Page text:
Some Scranton Students Stay Isolated on Campus

    Journalism and electronic media major Nicholas Yanni, Scranton, wrote this article for a spring 2020 media writing course taught by communication and media professor Kim Pavlick, Ph.D.
    May 28, 2020

    By Nicholas Yanni ’21, written for a media writing course, spring semester 2020

    When The University of Scranton closed its doors in March because of COVID-19, Ian MacDonald was immediately faced with a challenge.

    “It’s just a terrible situation. My mom works at Tobyhanna Army Depot and is considered essential personnel so she is at risk every day of contracting COVID-19 and bringing it home,” said MacDonald, a senior allowed to stay on the University’s campus during this time, along with a few others.

    MacDonald has been on the University’s campus since March. Although his hometown of Albrightsville is not too far away, MacDonald is still struggling with trying to adapt to a vastly different campus life.

    “It’s like a ghost town,” MacDonald said. “I spend most of the day in my room. Meals are served at lunch and dinner for about 90 minutes in the dining hall. I will see people there and that’s most of my in-person interaction these days. The few people I do see are in decent spirits.”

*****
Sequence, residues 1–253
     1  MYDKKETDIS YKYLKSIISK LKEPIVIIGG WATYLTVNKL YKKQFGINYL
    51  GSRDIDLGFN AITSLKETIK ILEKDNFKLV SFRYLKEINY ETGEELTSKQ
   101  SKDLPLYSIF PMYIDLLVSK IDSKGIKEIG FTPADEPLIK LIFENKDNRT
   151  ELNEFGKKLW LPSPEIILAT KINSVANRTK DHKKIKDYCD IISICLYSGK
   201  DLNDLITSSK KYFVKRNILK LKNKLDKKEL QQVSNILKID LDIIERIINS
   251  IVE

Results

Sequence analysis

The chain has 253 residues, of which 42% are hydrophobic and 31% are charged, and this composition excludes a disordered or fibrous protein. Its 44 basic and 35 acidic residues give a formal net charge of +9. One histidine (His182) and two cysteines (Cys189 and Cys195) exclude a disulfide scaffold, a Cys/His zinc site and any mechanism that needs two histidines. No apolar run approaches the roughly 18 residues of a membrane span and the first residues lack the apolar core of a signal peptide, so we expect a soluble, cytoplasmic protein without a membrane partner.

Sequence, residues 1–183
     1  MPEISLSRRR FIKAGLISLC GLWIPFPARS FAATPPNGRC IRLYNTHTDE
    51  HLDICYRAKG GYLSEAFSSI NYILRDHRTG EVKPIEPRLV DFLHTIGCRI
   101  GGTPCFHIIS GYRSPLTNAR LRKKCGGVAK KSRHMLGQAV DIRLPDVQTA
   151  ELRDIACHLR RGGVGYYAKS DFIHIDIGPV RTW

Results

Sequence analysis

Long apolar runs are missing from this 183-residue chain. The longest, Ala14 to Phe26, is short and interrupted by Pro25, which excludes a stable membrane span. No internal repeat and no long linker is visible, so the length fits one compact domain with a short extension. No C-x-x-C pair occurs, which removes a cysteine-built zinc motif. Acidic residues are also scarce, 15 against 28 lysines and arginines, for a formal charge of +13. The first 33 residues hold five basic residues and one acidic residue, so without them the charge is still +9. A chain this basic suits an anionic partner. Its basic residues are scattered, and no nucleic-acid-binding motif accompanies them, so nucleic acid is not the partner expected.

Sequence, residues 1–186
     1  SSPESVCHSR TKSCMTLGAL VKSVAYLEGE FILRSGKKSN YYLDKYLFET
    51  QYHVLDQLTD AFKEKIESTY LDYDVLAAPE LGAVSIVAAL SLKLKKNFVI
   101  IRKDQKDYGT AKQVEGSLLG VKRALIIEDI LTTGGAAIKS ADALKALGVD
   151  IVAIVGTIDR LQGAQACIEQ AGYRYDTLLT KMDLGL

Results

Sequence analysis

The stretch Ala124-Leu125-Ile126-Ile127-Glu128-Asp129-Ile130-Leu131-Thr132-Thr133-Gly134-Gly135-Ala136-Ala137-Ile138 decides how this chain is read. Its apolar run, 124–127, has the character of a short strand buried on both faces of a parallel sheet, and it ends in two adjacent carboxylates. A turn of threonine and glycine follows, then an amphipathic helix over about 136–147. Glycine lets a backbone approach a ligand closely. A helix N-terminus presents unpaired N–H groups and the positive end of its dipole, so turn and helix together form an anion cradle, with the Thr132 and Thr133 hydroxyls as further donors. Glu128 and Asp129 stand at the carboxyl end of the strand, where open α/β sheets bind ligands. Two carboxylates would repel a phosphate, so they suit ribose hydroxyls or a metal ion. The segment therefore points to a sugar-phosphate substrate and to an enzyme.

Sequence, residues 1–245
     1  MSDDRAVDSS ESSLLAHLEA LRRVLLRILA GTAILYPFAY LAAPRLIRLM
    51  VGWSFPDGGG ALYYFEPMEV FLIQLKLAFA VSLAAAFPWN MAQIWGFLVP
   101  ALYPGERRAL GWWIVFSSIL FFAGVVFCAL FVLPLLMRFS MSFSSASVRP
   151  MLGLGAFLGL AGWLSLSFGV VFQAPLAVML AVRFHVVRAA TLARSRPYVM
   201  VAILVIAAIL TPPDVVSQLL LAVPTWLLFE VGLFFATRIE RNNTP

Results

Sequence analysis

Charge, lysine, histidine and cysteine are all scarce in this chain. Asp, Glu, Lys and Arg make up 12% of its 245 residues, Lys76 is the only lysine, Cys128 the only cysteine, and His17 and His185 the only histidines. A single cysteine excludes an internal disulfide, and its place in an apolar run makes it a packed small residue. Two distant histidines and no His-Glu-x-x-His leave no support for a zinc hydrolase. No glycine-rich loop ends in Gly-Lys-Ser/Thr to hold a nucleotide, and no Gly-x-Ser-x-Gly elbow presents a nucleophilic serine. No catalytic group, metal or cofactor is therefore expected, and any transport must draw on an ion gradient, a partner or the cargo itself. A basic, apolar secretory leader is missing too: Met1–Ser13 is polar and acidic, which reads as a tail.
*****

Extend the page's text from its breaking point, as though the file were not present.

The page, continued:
Dan Shuck, a junior at the University, is trying to adapt as well.

    “I try to call people to socialize but it’s nothing like talking in person,” Shuck said. “Everyone on campus has to stay far away from each other.”

     “I am doing okay now because this is bigger than me,” MacDonald said. He is hopeful that his world will return to normal soon.

    “I accepted a job offer with Pepsi at the beginning of the fall, and my tentative start-date has been June 15,” MacDonald said. “They have reassured me that they are still preparing to welcome me on June 15 and that I should look for apartments. The thought of something changing is stressful but I should be good to go.”

    Back to Top